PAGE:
British Prime Minister Theresa May has warned that growing criticism of her European Union withdrawal agreement and opponents’ attempt to discard it in a parliamentary vote this month would finally lead to the cancellation of a 2016 popular decision to leave the bloc.
“Don’t let the search for the perfect become the enemy of the good, because the danger there is actually we end up with no Brexit at all,” May told BBC on Sunday, while speaking about a planned vote in the House of Commons in mid-January on her Brexit deal.
The premier said Britain would be in “uncharted territory” if the Commons reject the Brexit agreement she signed with the EU in November, a situation that she warned was going to have unknown consequences for the country.
“We’re going to be in uncharted territory. I don’t think anybody can say exactly what will happen in terms of the reaction we’ll see in parliament,” said May, who has been struggling over the Christmas time to win over critics of the her Brexit agreement.
The PM again rejected calls for a fresh Brexit referendum that could allow Britain to stay in the EU.
“Practically, actually you couldn’t get a referendum in time before the 29th of March – you’d be talking about extending Article 50,” she said while referring to Britain’s official departure date from the EU and a clause in EU’s Lisbon treaty which allowed London to trigger Brexit two years ago.
@theresa_may has told the @BBCNews @BBCPolitics that the vote on ‘her’ deal will go ahead, not the referendum we voted on that didn’t have a deal attached that leave won but ‘her’ deal, the one that keeps is shackled to the corrupt EU.1:30 PM – Jan 6, 2019Twitter Ads info and privacySee Phil Hornby – Countdown to Brexit – May must go.’s other TweetsTwitter Ads info and privacy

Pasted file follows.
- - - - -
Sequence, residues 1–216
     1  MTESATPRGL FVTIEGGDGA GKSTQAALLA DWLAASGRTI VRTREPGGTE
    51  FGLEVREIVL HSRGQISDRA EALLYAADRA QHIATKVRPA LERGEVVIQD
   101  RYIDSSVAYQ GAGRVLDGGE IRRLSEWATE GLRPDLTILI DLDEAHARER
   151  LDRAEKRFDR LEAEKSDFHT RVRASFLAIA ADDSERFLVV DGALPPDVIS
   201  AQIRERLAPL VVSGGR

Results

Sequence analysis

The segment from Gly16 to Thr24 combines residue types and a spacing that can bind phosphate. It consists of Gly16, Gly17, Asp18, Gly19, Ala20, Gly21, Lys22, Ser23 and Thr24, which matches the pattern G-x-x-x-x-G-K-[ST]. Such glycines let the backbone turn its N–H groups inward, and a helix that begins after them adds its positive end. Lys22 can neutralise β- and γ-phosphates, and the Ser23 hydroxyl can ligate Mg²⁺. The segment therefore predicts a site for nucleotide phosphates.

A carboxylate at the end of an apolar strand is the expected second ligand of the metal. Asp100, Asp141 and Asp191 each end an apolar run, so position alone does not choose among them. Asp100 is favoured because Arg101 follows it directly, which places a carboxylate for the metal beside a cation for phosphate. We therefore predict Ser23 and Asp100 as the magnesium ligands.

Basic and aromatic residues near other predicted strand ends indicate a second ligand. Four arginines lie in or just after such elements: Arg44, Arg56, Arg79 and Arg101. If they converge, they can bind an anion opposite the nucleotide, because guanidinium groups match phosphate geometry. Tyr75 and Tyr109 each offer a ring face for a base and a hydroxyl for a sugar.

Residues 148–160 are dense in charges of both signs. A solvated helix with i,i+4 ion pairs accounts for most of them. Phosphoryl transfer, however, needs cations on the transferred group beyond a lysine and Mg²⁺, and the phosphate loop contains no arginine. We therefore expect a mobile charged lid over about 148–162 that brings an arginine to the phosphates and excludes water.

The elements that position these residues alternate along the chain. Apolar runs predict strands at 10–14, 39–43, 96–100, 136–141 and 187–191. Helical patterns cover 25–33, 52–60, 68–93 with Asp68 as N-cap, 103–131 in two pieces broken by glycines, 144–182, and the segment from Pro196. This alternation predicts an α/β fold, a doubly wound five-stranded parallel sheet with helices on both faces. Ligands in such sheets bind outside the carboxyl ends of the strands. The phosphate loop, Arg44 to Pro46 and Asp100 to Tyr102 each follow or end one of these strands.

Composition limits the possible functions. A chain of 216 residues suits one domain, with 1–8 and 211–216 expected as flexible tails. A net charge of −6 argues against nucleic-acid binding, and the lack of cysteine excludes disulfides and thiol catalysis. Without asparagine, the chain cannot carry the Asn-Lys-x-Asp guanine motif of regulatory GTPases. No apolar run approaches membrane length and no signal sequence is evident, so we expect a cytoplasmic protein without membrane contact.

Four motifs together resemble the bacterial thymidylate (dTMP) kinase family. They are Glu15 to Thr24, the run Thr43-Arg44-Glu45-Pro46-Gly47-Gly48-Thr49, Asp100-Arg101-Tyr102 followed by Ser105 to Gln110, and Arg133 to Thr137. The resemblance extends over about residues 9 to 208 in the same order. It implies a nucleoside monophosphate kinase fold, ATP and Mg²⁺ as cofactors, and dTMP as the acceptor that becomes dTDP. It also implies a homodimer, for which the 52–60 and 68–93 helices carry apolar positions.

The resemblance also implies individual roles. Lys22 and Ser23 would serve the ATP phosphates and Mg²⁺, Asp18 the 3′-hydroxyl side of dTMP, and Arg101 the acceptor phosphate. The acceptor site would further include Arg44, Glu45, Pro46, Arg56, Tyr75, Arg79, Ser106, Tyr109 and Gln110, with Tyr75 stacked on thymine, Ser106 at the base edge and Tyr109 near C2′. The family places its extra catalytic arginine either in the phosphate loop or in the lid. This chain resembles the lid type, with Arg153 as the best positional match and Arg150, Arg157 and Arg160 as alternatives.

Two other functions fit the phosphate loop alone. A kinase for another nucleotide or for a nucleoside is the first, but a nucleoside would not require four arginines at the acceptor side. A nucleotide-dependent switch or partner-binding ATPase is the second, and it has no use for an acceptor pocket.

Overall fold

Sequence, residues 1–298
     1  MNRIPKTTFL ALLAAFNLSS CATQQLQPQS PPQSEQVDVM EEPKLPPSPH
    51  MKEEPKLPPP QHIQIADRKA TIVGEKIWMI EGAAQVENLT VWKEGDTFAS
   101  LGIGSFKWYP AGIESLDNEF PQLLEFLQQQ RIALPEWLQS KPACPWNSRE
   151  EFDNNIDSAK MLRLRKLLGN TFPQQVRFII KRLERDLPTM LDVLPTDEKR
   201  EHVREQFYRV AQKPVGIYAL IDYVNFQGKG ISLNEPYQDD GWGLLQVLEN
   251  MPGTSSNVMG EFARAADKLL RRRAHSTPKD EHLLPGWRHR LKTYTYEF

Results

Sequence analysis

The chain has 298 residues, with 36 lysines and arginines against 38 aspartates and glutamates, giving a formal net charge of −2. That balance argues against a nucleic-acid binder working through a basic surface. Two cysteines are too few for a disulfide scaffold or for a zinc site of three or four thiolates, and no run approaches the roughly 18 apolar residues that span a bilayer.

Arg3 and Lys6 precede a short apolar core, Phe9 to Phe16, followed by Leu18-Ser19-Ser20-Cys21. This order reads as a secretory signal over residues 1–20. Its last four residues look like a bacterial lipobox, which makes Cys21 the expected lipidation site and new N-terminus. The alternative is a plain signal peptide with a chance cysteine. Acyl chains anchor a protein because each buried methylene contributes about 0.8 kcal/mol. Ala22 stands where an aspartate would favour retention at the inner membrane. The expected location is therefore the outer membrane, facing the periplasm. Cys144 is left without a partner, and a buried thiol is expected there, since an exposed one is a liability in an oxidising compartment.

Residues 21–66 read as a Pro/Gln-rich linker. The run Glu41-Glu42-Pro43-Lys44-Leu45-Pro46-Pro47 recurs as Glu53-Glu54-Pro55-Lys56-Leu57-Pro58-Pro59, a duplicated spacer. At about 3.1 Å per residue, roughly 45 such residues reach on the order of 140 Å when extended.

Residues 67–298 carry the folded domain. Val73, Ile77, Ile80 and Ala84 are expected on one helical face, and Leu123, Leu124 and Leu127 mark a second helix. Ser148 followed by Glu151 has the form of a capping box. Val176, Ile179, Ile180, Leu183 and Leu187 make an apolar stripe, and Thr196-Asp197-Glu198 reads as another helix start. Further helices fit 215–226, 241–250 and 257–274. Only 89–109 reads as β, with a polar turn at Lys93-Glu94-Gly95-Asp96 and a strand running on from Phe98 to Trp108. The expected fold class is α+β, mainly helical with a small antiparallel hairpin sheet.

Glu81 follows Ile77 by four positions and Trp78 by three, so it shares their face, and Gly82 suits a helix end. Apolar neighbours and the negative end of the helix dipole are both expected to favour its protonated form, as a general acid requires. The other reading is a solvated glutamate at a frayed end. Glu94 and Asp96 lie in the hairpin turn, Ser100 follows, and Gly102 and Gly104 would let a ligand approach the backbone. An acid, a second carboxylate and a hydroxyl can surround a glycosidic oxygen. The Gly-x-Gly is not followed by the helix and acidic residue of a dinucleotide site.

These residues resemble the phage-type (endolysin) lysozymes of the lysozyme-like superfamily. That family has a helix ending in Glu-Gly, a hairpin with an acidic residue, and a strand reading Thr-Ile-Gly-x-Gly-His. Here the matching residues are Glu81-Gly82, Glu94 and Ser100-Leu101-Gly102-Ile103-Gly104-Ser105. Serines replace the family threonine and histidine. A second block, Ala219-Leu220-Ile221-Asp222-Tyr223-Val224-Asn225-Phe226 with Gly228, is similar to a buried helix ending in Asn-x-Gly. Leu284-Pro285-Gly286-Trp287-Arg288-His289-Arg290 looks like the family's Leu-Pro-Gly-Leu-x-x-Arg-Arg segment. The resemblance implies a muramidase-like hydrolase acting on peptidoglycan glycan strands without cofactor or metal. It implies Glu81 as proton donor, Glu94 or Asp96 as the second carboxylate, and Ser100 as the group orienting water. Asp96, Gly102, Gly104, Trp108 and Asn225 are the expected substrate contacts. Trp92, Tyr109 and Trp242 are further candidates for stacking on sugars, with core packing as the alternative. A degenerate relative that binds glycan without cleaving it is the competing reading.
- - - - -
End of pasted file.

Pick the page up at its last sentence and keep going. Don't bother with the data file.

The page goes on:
May’s comments come as many still think she would finally fail to go through the parliament with her Brexit deal. The premier delayed an original vote in the parliament in early December out of fears she would lose over a controversial clause in the withdrawal agreement that concerns the future of the Irish border.
The deal’s opponents say the so-called “backstop” clause undermines the UK’s sovereignty because it effectively separates Northern Ireland from the mainland Britain.
The EU insists it should be able to include Northern Ireland in its customs union and move the border to the Irish Sea until a mechanism is found for bilateral trade.
There are several scenarios awaiting Britain in March if the Commons reject May’s Brexit deal with the most probable being a disorderly exit, or what has been called a no-deal Brexit.
May, who has repeatedly reiterated that her government would be ready to bring the UK out of the EU with no agreement, did not directly respond to a BBC question on whether she was leading the country toward a no-deal Brexit.
However, British health Minister Matthew Hancock said Sunday that chances for May to win the parliament’s vote had increased.
“I certainly hope that the chances of the deal going through have improved. I think if people (MPs) have gone back to their constituencies, as I have, and talked to normal people then they will have found an overwhelming sense of ‘please can we just get on with it’,” Hancock said in a Sky News interview.
The comments on political uncertainty surrounding Brexit came after results of a fresh poll published on Sunday showed that most of Britons were in favor of remaining in the EU.